How to be up front with your mate.
How to be up front with your mate.
Q: So I’ve been hanging out with this guy for a few months. We’ve been keeping it really casual … not saying we’re dating, exclusive or anything like that. Partly because he’s friends with my ex and it’s a little awkward, and partly because we haven’t wanted to complicate things. The truth, though, is that feelings have developed and we spend a lot of time together, and by most definitions, if you asked people, they would probably think we were together.
(cont.) I’ve been taking it slow because, even though it’s been six months since my last breakup, I still don’t know if I’m ready for a serious relationship.
To complicate things further, I met someone (really hot) this weekend who was in town for the holiday. I feel guilty about hooking up with someone else, but at the same time, I am technically “single” and can do whatever I want. Even though the guy doesn’t live here, he is coming back in a couple weeks and I will have another opportunity to see him. Needless to say, I’m a little confused and I feel like I’m getting myself into a potentially sticky situation. I always hear about those who date multiple people at the same time, but I honestly can’t figure out how they do it. I don’t want to hurt anyone, but I have no idea how to handle this.—Holiday Hookup
A: Let me try to read between the lines: The guy you’re seeing just doesn’t quite light up your loins like you do his—or, for that matter, like the hottie from this weekend does. But, you figure, the constant attention and nooky is pretty nice, so why not keep him in the rotation? Plus, having your ex in common makes it much easier to avoid the topic, and if you’re not talking about it, it must truly be “really casual” and therefore you’re both free to do what you want, right? And too bad if he’s not taking advantage of that?
Or something like that?
As you’ve discovered, even doing our damndest not “to complicate things” doesn’t always prevent a “sticky situation” from cropping up down the road. If you truly don’t want to hurt anyone, and you think your current guy might be just that if he finds out about you and Hookup Hottie—or anyone else you might meet—then it’s time for a gentle chat about exclusivity. Explain that you enjoy his company and don’t want to stop seeing him, but that you want to be up-front about not wanting to be tied down.
Oh, and the people who always seem to be riding the dating merry-go-round with a giddy grin? B.S. They’re not masters at it; they’re just masters at making themselves look in demand and unfettered by those pesky things called feelings.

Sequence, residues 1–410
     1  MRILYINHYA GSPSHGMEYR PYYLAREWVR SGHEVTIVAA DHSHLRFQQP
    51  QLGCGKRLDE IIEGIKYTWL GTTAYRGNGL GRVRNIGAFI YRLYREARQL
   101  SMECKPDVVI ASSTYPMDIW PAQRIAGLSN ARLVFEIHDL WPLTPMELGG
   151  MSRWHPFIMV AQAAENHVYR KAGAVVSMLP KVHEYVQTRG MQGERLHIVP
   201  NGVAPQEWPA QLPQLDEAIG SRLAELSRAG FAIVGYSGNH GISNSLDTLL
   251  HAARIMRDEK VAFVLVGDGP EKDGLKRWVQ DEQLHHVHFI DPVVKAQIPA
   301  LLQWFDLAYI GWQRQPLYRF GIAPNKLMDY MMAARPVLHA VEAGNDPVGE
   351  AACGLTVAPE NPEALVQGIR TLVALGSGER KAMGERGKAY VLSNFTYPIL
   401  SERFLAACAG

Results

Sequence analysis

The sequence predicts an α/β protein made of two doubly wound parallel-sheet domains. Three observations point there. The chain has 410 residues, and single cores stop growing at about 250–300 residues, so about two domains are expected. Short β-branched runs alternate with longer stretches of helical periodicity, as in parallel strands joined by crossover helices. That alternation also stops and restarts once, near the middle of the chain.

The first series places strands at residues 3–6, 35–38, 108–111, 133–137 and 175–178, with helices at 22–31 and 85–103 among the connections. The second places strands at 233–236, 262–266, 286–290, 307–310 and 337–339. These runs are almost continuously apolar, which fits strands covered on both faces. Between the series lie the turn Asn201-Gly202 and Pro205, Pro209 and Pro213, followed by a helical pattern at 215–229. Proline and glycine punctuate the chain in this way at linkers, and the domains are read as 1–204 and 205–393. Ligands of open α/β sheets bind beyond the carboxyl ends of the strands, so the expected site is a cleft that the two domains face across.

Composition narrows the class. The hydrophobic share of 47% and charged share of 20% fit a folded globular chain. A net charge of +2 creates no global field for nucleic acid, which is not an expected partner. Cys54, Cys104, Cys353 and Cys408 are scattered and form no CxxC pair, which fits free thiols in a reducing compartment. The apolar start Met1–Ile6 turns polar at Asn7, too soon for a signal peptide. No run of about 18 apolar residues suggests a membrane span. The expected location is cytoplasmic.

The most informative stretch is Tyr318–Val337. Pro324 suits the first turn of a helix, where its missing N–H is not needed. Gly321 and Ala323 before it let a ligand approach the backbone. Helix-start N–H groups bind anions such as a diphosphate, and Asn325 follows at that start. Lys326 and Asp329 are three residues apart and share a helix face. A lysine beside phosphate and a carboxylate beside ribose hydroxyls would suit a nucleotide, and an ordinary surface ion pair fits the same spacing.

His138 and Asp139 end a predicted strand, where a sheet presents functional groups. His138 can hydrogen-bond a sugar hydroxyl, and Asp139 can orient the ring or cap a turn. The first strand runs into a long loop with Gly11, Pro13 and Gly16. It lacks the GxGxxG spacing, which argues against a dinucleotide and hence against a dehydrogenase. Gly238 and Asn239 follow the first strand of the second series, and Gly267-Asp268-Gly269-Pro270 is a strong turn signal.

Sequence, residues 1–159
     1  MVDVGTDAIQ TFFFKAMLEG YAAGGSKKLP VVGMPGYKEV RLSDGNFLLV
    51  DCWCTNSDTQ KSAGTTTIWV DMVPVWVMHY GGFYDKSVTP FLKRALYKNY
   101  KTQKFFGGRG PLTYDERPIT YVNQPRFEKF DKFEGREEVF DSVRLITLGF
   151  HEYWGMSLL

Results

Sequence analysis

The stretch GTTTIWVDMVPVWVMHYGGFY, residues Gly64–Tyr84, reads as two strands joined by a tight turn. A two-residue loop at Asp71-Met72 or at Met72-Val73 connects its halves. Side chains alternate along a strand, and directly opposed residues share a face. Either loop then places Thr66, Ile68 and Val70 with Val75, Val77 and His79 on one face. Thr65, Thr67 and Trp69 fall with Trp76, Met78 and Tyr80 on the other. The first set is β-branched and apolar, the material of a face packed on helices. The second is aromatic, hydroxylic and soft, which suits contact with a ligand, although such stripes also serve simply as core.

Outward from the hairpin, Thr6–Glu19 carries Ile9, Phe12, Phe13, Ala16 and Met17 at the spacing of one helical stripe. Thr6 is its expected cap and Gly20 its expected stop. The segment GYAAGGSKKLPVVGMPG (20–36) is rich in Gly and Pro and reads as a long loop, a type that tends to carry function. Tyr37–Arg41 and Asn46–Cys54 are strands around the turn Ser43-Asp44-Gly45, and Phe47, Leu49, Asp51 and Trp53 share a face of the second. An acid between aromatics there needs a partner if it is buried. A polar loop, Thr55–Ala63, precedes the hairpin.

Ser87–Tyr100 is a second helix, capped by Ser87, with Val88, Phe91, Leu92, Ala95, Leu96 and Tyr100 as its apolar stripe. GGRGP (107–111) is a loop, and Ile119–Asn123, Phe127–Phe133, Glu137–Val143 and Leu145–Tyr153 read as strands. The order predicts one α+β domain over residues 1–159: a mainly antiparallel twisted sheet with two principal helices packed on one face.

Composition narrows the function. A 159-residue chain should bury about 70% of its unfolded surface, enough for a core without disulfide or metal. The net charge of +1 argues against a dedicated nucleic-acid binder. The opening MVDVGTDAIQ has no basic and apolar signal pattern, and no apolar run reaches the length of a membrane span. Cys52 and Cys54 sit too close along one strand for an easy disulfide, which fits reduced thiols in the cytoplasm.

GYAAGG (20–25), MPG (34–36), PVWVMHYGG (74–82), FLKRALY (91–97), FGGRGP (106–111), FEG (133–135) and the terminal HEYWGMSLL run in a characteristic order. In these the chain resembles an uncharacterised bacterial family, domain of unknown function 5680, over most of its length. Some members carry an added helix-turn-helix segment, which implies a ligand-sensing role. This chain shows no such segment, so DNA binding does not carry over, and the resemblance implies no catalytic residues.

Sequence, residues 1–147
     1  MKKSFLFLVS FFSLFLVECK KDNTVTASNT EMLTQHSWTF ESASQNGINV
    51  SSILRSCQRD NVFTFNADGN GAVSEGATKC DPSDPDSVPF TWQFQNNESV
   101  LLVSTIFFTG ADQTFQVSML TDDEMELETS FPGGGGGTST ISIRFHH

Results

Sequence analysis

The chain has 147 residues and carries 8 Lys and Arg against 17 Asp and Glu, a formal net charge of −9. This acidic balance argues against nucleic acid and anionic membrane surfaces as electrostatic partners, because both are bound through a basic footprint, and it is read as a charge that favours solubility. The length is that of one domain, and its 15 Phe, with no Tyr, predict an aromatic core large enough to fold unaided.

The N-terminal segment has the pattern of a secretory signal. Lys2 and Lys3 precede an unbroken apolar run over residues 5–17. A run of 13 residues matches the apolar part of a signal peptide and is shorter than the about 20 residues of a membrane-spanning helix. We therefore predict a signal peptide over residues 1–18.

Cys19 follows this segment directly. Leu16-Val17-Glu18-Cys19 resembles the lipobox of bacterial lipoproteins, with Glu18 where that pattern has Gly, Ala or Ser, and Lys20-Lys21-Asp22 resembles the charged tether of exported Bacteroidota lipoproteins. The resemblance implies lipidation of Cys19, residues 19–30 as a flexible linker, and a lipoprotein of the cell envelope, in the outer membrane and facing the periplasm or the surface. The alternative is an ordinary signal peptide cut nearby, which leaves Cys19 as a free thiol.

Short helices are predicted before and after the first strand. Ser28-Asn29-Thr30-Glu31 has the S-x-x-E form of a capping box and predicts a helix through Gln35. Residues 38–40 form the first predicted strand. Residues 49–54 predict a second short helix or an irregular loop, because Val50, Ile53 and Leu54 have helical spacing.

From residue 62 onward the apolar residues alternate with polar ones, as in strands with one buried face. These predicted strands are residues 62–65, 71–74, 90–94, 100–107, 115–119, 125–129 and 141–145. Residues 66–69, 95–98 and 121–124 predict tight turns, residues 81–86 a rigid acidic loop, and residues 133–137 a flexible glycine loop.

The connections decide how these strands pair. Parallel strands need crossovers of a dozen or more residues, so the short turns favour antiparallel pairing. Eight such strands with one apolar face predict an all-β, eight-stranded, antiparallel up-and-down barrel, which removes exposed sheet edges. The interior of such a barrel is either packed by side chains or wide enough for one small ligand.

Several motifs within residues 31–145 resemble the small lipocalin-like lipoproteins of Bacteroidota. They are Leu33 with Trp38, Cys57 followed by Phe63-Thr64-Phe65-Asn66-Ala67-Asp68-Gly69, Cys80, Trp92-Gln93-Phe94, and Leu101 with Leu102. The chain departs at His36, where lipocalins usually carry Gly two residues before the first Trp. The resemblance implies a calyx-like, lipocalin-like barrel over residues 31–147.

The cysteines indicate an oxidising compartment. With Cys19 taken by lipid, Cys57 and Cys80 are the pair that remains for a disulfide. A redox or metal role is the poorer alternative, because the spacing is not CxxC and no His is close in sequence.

Q: My girlfriend moved across the country for a dream job about six months ago. We were in love (I still am, I guess) for a long time (four years), but it’s just started to go down the tubes. When she moved, we continued things long-distance. There was a mention of me looking for a job out there, and I thought she might even be marriage material. But the last two times I have visited, things have been awkward. She was just so distant, and sex was lackluster—I even thought about leaving early. After I got back last time, she told me she thinks she needs some space. She said she really loves me, but she just needs time to figure things out. She said she doesn’t want to lose me, but she needs to do this. I asked her how long she needed, and she said she didn’t know.
We’ve spoken twice, and I miss her like crazy. I want to wait for her to come around, but I don’t want to wait if it’s for nothing. What does it really mean when a woman tells you she wants her space?—Crushed Cross Country
A: Ahh, space—that mysterious concept that, for decades, has drawn curious astronauts and flummoxed lovers the world over.
Space is a good thing when it allows us to step back, get new perspective and come back to Earth with an expanded view of the way things look or are. Space is a bad thing when it leaves people in indefinite orbit; when that happens, Houston, we have a problem.
If you’re still technically a couple, you’re entitled to your say in navigating this unknown territory. How long does she need—a few weeks, a few months? Will you talk weekly, for example, or send occasional texts or e-mails? Whatever you do, remember that giving her the space she asked for can only help your chances. There’s nothing like the sharp slap of unavailability to make a gal wonder, “Why am I doing this again?”
You do have four years of history and what sound like earnest feelings on her part. Hopefully, that’s enough to bring this ship back into a smooth flight pattern. If not, at least you have enough real space between you—a country’s worth—to avoid falling into a black hole every time you see her.